"Night and Day" is centered around the mixed emotions found in traveling. Characters in the film are Sung-nam Kim, an artist selected by the Korean government that escaped from Seoul and ... See full summary »
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Kwon returns to Seoul from the mountains and is given a packet of letters from Mori back from Japan to propose to her. Kwon drops and scatters the undated letters. She reads them and has to make sense of the chronology - and so must we?
Festival is a rather strange English name to give to a film that centers around a funeral. Directed by Im Kwon Taek, the story is about a family whose matriarch passes away and they all gather together to mourn her passing.
The principal protagonist is probably going to be An Sung-Gee's character, the eldest remaining son of the grandmother, and consequently, the one with all the funeral rite organizing duties. Thrown into the mix are a series of additional family members, many who have almost as much screen time as the protagonist. As such, while many of the characters do interact, it's clear that this film intertwines separate stories using this single event as the inciter. On the plus side, the threads do come to some thematic closure.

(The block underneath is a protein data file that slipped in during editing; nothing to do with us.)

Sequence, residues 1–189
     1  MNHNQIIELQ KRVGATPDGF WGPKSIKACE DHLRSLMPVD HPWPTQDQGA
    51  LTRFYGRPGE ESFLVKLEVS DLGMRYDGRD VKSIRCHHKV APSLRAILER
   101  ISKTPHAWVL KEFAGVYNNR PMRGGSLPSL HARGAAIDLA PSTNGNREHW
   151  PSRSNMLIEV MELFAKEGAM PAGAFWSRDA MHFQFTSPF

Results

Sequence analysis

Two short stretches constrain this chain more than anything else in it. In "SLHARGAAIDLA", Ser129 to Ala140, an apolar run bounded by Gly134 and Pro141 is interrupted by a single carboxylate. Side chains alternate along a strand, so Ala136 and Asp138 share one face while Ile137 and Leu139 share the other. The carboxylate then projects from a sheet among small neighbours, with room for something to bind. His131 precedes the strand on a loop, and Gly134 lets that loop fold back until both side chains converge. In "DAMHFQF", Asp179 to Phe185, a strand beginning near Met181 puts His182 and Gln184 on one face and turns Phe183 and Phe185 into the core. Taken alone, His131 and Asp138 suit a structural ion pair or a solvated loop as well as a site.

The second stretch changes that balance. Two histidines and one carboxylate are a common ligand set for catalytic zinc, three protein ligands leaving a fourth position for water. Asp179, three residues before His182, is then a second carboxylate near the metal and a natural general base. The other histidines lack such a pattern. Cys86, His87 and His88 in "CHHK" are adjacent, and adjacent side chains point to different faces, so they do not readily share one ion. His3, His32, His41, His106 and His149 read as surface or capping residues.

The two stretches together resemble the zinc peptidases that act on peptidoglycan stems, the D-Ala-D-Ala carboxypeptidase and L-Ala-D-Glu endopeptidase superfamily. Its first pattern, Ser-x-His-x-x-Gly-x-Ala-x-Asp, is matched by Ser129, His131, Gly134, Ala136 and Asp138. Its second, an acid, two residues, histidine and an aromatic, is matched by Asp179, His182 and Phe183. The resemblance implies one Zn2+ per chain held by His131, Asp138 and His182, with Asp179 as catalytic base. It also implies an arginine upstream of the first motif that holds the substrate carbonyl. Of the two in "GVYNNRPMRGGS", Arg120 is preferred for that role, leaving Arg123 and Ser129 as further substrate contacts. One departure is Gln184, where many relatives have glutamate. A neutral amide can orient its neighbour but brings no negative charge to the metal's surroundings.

Problems beset the family as they prepare for the funeral and while the story moves at a slow enough pace that it seems longer than the 106 minute running time would suggest, it does keep its pace and never becomes too slow, even as it wanders and lacks any strong dynamism. Some of the more imaginative parts of the story include a story within the movie, in the form of a children's story written by the protagonist that plays out on screen that acts as a sort of imperfect over-narrative to the different narratives in the film.
And the result of the film is quite heartening. Themes of reconciliation, regret, family history/shame, and more pop up in the film. Some of the minor stories however don't really get good enough treatment (like a potential case of infidelity) to really justify their presence in the film, but even as they seem extraneous, they seem quite natural all the same and so they don't really drag down the story so much as leave us wondering why they are present.
And, in the end, the film does it's portraiture well. I don't imagine this film aiming for some great statement about life and death, but rather intending to be a picture of a family and how one can drift apart, but also the ability for it to come back together nonetheless. And for that it's an admirable, natural and honest look at family through the Corean funeral ceremony (which is really really involved!). 7/10.
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